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That powerful reconciliation strategy which Sri Lanka missed
Published Date: 10/06/2018 (Sunday)

By Kishali Pinto Jayawardene

In retrospect, one of the greatest missed opportunities of the now doomed Sirisena-Wickremesinghe Unity Government was its failure to grab Sri Lanka’s legal system by its ears (metaphorically speaking), cleanse the Bench of corrupt and politically compromised judges against whom files were stacked up aplenty and demonstrate the power of criminal justice reforms for human rights abuses and corruption to all citizens alike through the length and breadth of the country.

A wretched reflection in uncertain times

If conceptualized properly and implemented vigorously with the full might of a political leadership in which the people had placed enormous trust in 2015, this could have formed the lynch pin of a powerful reconciliation strategy, uniting Sinhala, Tamil, Muslim and other communities. In this, it cannot even be said that we tried and failed. Instead, it is manifest that we never tried at all. That is a wretched reflection indeed as we head into menacingly uncertain times.

If that strategy had been employed, it would have deprived diaspora propagandists hankering for Eelam while living in comfort in Western climes of much of their hysteria while having an equally neutralizing impact on their Sinhalese counterparts spewing hate in the country, some of them disguised as monks in what must surely be the greatest insult to the Gautama Buddha. By using the law as an instrument for communities across the ethnic line, it would have taken away a major rallying call for the Rajapaksa rump at the time.

Most importantly, Sri Lanka’s poor, marginalized and conflict-affected would have witnessed the fact that long decades of the law being employed as an instrument of oppression were being changed. On its part, the judiciary would also have had to acknowledge key systemic failings which have now led to a bitter national debate on the nature of the judicial institution. In its present form, that debate is cantankerous and disjointed, endlessly revolving around the ridiculous flapping of hands by the Bar over contempt charges leveled against politicians and lawyers who critique judges. Sri Lanka still lacks a Contempt of Court law allowing judges to do what they want, as was best illustrated during the time of ex-Chief Justice Sarath Silva when contempt was wielded against all and sundry and an English teacher was sent to jail for one year for ‘daring to’ speak loudly in the Supreme Court.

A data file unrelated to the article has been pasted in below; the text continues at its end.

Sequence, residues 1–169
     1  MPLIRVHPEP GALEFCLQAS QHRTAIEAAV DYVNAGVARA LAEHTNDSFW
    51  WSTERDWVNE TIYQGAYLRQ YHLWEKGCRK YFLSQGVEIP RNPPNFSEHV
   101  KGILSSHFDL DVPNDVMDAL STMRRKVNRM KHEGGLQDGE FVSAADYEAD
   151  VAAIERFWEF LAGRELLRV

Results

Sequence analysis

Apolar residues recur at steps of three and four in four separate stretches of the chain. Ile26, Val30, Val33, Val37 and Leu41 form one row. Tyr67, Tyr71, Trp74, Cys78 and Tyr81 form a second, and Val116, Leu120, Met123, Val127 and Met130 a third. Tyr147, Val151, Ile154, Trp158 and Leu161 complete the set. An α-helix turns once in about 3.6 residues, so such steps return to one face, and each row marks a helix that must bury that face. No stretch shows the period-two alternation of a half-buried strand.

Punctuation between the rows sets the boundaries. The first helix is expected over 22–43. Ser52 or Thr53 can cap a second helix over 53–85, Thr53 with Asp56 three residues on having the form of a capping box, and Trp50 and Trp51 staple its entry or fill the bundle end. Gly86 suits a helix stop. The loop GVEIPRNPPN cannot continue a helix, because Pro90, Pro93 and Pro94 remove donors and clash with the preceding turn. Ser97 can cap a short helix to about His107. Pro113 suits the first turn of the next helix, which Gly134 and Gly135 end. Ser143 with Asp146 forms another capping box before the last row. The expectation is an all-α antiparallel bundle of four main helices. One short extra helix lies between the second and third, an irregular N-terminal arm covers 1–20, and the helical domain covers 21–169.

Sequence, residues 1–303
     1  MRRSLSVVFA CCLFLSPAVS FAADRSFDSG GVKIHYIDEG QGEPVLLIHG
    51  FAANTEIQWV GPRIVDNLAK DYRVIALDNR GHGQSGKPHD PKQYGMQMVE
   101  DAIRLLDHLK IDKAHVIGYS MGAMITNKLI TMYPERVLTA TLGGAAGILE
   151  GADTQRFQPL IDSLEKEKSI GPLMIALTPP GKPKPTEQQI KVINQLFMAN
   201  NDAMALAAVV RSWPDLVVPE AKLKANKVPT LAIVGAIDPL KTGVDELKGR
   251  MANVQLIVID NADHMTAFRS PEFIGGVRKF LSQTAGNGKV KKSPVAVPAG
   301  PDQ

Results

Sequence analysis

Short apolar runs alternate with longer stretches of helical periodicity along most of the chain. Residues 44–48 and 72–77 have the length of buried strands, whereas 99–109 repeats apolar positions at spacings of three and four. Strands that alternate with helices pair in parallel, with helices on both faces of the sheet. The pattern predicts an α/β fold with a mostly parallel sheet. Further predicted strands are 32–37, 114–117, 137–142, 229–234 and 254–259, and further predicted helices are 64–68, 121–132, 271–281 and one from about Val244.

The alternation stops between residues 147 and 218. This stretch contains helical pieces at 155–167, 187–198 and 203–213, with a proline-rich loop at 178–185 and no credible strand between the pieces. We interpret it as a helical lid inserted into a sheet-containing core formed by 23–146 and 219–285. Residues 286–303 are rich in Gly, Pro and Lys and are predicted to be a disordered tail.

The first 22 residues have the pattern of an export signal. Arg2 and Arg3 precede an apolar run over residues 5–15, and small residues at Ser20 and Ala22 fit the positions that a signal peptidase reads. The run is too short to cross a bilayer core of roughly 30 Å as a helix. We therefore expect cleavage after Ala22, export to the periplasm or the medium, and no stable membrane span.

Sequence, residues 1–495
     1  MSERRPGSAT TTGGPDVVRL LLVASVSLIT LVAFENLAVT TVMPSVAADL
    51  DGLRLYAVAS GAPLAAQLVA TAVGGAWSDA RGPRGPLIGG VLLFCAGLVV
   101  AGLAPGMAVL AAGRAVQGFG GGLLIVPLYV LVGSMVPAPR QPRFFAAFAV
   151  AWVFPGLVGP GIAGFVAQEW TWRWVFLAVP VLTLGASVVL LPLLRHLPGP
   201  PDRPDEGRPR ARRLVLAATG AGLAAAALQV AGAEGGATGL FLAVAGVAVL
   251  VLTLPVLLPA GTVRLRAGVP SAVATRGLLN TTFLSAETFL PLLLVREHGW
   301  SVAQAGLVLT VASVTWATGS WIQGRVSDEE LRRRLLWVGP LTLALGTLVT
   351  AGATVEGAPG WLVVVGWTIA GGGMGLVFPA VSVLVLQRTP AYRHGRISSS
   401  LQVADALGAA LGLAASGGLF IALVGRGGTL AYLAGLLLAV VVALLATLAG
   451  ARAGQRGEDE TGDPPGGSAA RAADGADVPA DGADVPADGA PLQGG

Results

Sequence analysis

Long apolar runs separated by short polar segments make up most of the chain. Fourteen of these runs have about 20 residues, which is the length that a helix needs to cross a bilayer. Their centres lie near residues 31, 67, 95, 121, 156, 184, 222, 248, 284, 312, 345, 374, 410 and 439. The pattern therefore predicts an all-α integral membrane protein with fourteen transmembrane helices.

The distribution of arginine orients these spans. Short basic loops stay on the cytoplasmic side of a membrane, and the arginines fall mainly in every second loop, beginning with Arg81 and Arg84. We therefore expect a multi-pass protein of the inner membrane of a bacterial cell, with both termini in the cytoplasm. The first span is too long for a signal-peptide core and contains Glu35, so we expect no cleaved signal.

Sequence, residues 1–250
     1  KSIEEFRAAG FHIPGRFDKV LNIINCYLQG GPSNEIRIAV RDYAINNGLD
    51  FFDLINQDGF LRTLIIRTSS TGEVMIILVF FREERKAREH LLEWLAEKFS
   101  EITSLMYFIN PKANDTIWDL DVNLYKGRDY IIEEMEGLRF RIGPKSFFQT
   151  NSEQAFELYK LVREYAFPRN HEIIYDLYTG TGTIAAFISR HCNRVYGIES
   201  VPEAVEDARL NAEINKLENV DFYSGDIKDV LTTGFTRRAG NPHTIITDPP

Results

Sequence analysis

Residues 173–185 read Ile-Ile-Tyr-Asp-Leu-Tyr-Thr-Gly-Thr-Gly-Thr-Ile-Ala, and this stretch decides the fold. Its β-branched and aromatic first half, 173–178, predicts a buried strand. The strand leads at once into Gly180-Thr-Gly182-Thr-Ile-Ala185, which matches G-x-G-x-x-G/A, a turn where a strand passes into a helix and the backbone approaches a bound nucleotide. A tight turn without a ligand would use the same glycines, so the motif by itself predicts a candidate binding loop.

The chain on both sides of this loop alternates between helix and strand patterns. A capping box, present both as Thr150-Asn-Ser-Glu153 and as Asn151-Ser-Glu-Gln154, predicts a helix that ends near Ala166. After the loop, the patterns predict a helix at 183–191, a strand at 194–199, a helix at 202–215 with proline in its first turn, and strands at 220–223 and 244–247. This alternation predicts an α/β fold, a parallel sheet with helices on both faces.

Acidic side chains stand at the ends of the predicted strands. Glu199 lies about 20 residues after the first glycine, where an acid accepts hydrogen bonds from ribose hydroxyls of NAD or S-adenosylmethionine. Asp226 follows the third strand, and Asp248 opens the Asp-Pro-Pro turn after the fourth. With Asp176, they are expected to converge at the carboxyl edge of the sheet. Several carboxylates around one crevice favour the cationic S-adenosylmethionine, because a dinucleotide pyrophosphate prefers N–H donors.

Paucity of the national debate on the judiciary

But all this is quite mundane and very different to the searchingly pointed questions that are currently galvanizing India’s legal community, also confronted by a crisis of public confidence in its judiciary. Across the Palk Strait, Indian advocates and judges are looking inwards and embarking on rigorous self-examination with unprecedented happenings such as Supreme Court judges giving press conferences on the political manipulation of the judicial institution. These are familiar issues to us, increasingly so since 1999 when the Office of the Chief Justice during the Kumaratunge Presidency, faced similar allegations.

If Sri Lanka’s Bar Association has spearheaded a similarly effective critique of the country’s legal system without being a stamp for the National Unity Government to the extent that it loudly justified the removal of a Chief Justice through the hazardous tactic of a Presidential letter, the perils that we face now may have been lessened. And the ‘capturing’ of the Bar by a Rajapaksa-friendly faction (as is alleged) in later years may well have been avoided. Apart from being blind and deaf to cleansing the judicial process by taking action against politically compromised and corrupt judges using prescribed constitutional measures, even those emblematic cases of conflict related human rights abuses were left to wilt by the wayside.